Managing communication difficulties

When we talk about the symptoms of Huntington’s, we tend to talk about physical and movement changes, cognitive changes (difficulties with planning and thinking) and behavioural changes. All of these have an impact of the way someone with Huntington’s communicates.

  • Physical Changes – people with Huntington’s can’t control the muscles used for speech as well as they could before. You might notice that their speech is a little slurred, or they are struggling with volume control.
  • Cognitive changes – changes in the brain usually mean that people struggle to put their thoughts into words. Often they find it hard to start a conversation. They may become focused on one topic and not be able to move on from it (this is particularly common if there is a change to the normal daily routine e.g. if there is a clinic appointment and they are worried about getting there). They may repeat certain words that seem important to them.
  • Emotionally – they may become more apathetic; they simply don’t have the same ‘get up and go’ anymore, and this can affect their communication skills. If someone feels anxious or depressed, whether due to Huntington’s or another reason, it’s also likely to have an impact on their communication. They may find it hard to be in a group of people which may mean they avoid social situations, start to withdraw and feel socially isolated. This can create a cycle of decreasing communication.

When we break down the issues affecting communication like this, it can help us think about how we can support people to communicate.

Key tips around communication are:

  • Talk about one thing at a time. Keep it simple and don’t overload the person you’re caring for with information. Sticking to a single topic helps people with Huntington’s to process information and respond. Use short sentences and even pictures or visual cues, such as showing them an item you’re offering them.
  • Give more time. Remember it takes time for people with Huntington’s to process information and form a response. Ask a question, then wait for an answer – don’t interrupt the thought process by repeating your question or putting it another way.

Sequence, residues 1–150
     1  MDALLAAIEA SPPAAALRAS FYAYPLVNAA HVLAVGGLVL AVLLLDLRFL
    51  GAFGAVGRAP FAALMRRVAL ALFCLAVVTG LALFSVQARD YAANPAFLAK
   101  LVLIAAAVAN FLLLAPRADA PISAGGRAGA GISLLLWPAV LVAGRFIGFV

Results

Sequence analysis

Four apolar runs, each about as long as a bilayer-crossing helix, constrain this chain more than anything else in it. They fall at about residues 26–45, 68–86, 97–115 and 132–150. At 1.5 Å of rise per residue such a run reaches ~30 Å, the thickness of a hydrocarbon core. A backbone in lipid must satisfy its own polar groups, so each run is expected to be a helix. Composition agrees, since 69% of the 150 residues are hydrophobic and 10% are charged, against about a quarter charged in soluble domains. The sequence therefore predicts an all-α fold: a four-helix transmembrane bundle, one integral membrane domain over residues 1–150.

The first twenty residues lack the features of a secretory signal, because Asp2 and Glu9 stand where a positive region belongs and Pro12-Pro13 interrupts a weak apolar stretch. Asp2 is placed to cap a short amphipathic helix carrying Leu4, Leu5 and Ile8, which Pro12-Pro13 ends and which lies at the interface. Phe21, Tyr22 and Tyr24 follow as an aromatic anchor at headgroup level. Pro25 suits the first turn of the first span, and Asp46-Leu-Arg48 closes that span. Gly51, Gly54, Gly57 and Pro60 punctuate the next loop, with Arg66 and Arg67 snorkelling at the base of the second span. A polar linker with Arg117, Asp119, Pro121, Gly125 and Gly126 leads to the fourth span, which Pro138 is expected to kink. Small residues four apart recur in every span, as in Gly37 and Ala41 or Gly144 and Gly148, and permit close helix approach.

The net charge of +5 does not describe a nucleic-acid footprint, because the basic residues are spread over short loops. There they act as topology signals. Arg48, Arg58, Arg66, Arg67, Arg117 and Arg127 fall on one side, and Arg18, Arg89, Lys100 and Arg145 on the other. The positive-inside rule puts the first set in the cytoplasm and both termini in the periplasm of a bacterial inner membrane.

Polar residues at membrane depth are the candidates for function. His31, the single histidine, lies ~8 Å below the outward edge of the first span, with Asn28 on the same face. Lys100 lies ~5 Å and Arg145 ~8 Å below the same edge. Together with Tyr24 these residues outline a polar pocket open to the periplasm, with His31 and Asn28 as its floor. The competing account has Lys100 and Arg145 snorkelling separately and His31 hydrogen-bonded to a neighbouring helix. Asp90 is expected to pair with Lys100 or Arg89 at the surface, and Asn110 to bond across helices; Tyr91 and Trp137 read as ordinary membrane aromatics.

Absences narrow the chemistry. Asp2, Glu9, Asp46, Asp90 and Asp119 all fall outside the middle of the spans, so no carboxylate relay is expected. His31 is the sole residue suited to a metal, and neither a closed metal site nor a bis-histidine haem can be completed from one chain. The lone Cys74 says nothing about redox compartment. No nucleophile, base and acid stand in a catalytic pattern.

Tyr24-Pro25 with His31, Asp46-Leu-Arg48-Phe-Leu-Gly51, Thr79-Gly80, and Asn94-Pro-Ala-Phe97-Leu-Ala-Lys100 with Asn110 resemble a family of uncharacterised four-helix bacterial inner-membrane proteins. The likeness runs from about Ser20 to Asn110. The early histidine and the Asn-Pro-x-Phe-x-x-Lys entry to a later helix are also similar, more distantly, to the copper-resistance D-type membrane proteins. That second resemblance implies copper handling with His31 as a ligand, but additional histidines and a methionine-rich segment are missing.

• Avoid distractions. Try and focus on the conversation. Get the person’s attention and then tell them what you would like to say. Avoid talking to someone if the TV is on. Where possible, keep them away from noise and hubbub when talking to them. Don’t expect them to walk and talk or eat and talk at the same time. This can be hard as we are used to using meals as a time for conversation. It may take a bit of time to see what works best for them: they may, for example, enjoy going for a coffee and a cake but want to chat first, then have a quiet time to eat and drink, then the conversation can be picked up again.
  • Limit choices. Ask closed questions (i.e. ones that require a ‘yes’ or ‘no’ answer) so they don’t have to search for the answer. This may feel counterintuitive as we think of choice as being empowering, but for people with Huntington’s making a choice can often feel difficult and stressful. It’s the same for most of us; we would prefer a multiple choice test than having to write an essay - it’s much easier to respond when the answer is already there.
  • Listen. It can take a lot of effort for people with Huntington’s to speak, so try to listen to what they’re saying. This can become tricky if there is a lot of repetition.

A speech and language therapist (SALT) can also help with difficulties with communicating, as well as eating, drinking or swallowing. You can get a referral to a SALT through your GP or a specialist Huntington’s clinic.

For more information on managing communication difficulties, download our fact sheet.